The Conceit of Nicholas Kristof: Rescuing sex slaves as saintliness

Some people find commercial sex or prostitution vulgar. I find Nicholas Kristof vulgar: preening, in love with himself, interfering, condescending, happy to pose grinning with brown people and claim to be saving them. A true colonial character – give me tight dresses and flashy colours any day! Since I find him nauseating, I mostly ignore him, though his Wikipedia entry makes him sound a saint (in the Rich White Man category), with prizes for ‘powerful columns that portrayed suffering among the developing world’s often forgotten people and stirred action’ and for ‘giving voice to the voiceless’. Gag. Ashton Kutcher is way preferable.

Lately Kristof live-tweeted a brothel raid alongside Somaly Mam, supposedly blow-by-blow. I am not going to complain about twitter, but the 140-character limit does foster reductionism and clichés. But more important is his claim later that thanks to him and Mam:

In Anlong Veng, Cambodia, 6 more brothels have closed since the raid I live-tweeted there that rescued a seventh-grader.

Great balls of fire, what colossal nerve to make such a claim. I know he is trying to reach the mainstream but it is so offensive he would refer to a young person in Cambodia with a made-in-USA  label like seventh grader. His next claim was:

In part, that’s the power of Twitter. And the fear of traffickers that they could be next to face wrath of @*SomalyMam*

Wrath? A journalist who fosters the notion of a black and white world of bad people punished by good is not a journalist at all but a man selling his own virtue – which by the way is what prostitutes were said to be doing, in the olden days.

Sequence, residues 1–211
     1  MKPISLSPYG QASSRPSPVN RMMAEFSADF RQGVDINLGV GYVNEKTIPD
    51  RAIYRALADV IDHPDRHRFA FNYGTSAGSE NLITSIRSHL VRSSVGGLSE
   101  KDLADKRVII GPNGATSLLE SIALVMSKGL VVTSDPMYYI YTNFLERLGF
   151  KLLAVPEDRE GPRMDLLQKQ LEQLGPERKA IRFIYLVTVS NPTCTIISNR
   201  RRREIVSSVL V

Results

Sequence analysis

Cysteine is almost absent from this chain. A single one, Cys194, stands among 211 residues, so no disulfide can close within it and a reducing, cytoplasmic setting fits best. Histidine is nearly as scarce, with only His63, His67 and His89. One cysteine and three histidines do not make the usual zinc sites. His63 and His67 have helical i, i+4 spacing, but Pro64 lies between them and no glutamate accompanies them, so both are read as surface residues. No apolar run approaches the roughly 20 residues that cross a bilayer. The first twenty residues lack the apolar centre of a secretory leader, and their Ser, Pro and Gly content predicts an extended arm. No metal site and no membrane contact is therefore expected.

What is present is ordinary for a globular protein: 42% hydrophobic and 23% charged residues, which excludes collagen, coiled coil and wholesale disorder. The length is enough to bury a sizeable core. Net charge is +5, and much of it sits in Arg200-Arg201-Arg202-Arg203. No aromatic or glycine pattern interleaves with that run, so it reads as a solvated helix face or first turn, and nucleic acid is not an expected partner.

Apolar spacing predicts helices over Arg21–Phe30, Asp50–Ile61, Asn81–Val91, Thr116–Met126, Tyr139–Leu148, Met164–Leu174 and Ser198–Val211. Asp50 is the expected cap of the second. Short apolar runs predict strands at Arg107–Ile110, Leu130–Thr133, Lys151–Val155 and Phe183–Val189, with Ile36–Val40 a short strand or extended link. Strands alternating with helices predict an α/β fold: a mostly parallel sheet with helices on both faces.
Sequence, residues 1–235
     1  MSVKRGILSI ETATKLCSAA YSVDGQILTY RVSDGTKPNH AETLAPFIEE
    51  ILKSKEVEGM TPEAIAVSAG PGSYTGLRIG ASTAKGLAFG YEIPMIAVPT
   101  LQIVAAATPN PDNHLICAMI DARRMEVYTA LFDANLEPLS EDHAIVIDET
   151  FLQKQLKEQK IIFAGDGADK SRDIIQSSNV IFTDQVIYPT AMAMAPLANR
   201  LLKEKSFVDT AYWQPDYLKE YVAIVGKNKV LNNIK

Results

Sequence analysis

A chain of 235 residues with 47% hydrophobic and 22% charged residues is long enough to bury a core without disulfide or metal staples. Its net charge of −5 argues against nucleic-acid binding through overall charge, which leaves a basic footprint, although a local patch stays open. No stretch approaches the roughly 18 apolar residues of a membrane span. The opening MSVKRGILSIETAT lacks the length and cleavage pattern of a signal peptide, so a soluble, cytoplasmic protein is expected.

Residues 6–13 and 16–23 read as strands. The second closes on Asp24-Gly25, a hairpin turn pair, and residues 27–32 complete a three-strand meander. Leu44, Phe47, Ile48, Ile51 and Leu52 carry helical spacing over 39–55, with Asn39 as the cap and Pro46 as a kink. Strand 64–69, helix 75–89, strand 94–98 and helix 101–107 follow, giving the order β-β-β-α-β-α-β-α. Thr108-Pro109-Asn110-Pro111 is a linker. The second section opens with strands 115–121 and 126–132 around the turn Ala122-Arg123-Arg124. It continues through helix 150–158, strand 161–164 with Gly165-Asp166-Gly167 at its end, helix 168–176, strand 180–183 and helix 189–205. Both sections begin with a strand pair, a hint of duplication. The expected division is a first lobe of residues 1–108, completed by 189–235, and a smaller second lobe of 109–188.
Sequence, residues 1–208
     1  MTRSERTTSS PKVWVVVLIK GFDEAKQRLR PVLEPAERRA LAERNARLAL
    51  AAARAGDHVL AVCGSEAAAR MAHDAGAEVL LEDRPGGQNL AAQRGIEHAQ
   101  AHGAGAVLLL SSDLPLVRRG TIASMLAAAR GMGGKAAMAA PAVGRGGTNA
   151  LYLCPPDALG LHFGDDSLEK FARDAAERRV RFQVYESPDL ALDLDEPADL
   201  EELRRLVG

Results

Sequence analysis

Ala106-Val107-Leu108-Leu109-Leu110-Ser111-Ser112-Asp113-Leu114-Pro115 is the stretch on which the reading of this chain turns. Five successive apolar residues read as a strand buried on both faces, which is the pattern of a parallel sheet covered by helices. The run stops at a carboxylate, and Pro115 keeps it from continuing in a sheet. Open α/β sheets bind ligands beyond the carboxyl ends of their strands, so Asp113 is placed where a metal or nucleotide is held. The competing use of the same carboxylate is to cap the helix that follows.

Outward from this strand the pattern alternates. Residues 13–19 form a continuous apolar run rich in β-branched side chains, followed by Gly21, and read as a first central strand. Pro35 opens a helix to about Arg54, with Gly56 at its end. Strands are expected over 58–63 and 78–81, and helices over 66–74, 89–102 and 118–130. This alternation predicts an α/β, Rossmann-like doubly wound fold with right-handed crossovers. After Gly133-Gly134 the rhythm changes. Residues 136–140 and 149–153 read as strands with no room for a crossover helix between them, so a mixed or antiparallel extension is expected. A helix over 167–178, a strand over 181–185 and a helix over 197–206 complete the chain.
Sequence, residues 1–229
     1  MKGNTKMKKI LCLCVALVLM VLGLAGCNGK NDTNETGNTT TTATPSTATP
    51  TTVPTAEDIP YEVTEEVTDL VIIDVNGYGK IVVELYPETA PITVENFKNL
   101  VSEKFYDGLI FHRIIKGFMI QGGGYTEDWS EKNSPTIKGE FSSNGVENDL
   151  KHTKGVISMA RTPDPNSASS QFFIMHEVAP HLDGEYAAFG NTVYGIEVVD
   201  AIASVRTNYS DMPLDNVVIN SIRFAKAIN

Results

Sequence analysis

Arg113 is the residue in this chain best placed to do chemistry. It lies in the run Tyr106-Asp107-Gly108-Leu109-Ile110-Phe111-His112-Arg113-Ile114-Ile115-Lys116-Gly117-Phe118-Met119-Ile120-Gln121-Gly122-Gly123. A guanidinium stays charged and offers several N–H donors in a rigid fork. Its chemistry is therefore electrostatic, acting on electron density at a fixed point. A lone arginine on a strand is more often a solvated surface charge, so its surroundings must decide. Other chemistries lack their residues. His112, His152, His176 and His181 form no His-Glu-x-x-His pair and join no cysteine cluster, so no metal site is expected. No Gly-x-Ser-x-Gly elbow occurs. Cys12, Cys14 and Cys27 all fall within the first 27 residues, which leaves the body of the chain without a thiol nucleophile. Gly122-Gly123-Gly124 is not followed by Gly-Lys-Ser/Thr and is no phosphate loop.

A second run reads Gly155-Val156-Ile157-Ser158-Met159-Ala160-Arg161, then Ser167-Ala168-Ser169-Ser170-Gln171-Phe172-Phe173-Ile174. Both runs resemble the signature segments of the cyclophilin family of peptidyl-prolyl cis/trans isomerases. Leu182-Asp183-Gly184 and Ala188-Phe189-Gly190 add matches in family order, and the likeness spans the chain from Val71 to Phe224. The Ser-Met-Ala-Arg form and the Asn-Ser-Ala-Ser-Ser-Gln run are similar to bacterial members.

But vulgarity and childishness are not so important in the end. The real disorder in Kristof’s blithe chirping about brothels closing is the absence of responsibility towards the people working in them: where did they go? how will they live? do they have a roof over their heads now? How can he not understand that this is just how trafficking can happen, in his own sense of the word?

Not only women who sell sex earn their livelihoods through brothels: barmen, waiters, guards, laundresses, food vendors and others are integrated into these businesses. Those who want to abolish them might at least suggest alternatives if this source of income dries up. As for actual brothel workers, whether they were happy or coerced, the stigma attached to their previous employment could make it difficult to fend for themselves afterwards without turning to unscrupulous characters unless they are very lucky. But in the fairytale land of Rescue, uncomfortable consequences don’t exist and Rescuers are always Doing Good.